Study evaluates Natural Language Processing and CAUTI surveillance: 3 findings

Some electronic surveillance systems are equipped with natural language processing to help detect complications like catheter-associated urinary tract infections, but how well do they work?

NLP algorithms gather data recorded in clinical notes without manual review. To test their accuracy, researchers compared the results of an NLP-augmented algorithm with standard surveillance, including electronic and manual data extraction, at a large, urban tertiary care Veterans Affairs hospital.

All patients admitted to the acute care units and the intensive care unit of the hospital from March 1, 2013, through Nov. 30, 2013, were included in the study, which was recently published in Infection Control & Hospital Epidemiology.

Here are three findings from the study.

1. The NLP-augmented algorithm identified 27 percent more indwelling urinary catheter days in the acute care units and 28 percent fewer indwelling urinary catheter days in the intensive care unit than standard surveillance identified.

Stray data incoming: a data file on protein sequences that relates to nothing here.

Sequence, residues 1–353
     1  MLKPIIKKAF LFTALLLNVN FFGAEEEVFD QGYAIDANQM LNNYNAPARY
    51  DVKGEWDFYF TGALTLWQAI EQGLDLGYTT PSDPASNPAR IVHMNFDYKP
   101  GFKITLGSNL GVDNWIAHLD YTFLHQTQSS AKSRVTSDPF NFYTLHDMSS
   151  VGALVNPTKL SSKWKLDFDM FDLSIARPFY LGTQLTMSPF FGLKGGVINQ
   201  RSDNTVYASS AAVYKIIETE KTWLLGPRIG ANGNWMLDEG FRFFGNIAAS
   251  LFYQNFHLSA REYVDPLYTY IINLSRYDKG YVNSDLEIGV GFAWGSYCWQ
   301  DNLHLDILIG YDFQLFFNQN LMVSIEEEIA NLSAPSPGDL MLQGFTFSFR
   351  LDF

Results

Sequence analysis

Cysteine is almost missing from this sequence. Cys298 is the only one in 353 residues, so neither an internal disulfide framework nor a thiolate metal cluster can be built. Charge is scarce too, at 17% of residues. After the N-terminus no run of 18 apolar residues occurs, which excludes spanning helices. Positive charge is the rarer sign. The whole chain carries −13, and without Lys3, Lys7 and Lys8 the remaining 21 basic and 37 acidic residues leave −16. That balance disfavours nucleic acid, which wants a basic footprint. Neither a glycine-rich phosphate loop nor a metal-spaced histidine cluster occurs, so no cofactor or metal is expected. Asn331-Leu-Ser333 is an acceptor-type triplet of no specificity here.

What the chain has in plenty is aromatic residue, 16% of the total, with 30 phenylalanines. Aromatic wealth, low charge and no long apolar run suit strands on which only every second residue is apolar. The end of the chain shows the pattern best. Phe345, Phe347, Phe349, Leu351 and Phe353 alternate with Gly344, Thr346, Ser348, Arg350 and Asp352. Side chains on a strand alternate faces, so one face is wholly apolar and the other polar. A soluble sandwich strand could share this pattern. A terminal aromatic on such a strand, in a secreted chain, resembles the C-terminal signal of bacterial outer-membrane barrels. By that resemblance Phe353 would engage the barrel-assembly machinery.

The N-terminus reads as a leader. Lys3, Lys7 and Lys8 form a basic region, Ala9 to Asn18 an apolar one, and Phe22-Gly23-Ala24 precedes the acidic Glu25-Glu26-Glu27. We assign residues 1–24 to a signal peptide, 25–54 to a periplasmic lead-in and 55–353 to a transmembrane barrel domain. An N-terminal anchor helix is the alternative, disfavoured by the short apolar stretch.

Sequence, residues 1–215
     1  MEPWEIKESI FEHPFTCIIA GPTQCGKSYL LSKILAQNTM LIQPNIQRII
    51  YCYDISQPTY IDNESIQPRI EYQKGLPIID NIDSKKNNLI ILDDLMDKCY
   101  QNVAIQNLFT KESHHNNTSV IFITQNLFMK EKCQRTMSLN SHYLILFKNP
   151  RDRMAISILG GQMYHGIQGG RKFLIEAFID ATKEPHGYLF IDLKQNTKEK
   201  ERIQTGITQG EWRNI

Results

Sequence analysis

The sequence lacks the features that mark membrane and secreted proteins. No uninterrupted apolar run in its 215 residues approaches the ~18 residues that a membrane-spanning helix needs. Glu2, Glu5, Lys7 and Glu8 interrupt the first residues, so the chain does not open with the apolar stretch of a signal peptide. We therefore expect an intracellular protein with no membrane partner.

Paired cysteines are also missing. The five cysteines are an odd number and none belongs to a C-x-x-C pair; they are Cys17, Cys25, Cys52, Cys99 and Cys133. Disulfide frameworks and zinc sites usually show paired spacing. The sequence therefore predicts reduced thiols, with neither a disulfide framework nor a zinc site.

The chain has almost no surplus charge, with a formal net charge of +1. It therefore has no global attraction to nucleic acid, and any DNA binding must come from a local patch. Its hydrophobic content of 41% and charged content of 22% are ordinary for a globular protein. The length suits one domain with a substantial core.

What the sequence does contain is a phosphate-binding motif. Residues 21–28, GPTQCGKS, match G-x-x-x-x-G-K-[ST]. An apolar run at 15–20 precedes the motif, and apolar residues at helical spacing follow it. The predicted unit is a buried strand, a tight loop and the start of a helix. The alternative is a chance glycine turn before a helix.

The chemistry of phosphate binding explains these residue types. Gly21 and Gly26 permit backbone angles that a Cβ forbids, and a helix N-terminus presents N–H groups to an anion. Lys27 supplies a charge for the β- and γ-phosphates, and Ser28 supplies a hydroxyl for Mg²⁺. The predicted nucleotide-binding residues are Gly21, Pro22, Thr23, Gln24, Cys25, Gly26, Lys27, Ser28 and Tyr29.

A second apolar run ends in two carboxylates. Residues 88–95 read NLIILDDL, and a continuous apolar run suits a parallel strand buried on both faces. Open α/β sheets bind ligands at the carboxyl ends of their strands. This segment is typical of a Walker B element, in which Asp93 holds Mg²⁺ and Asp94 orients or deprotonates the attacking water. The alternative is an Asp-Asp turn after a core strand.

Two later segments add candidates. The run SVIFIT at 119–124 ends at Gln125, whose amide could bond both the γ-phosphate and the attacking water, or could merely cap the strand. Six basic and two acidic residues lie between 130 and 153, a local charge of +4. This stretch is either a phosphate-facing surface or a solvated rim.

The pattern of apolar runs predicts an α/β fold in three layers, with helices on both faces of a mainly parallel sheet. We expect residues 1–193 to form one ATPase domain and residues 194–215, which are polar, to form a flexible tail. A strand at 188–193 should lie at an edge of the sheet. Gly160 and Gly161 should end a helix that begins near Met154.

2. The algorithm flagged 24 CAUTIs versus standard surveillance methods, which uncovered 20 CAUTIs. The CAUTIs identified were overlapping but not the same.

3. Overall, the positive predictive value was 54.2 percent, and overall sensitivity was 65 percent.

According to the researchers, developing and implementing a NLP algorithm demanded considerable upfront effort of behalf of the clinicians and programmers to determine current language patterns.

Ultimately, the study revealed NLP algorithms were most useful for identifying simple clinical variables but not as effective as standard surveillance methods for detecting CAUTIs.

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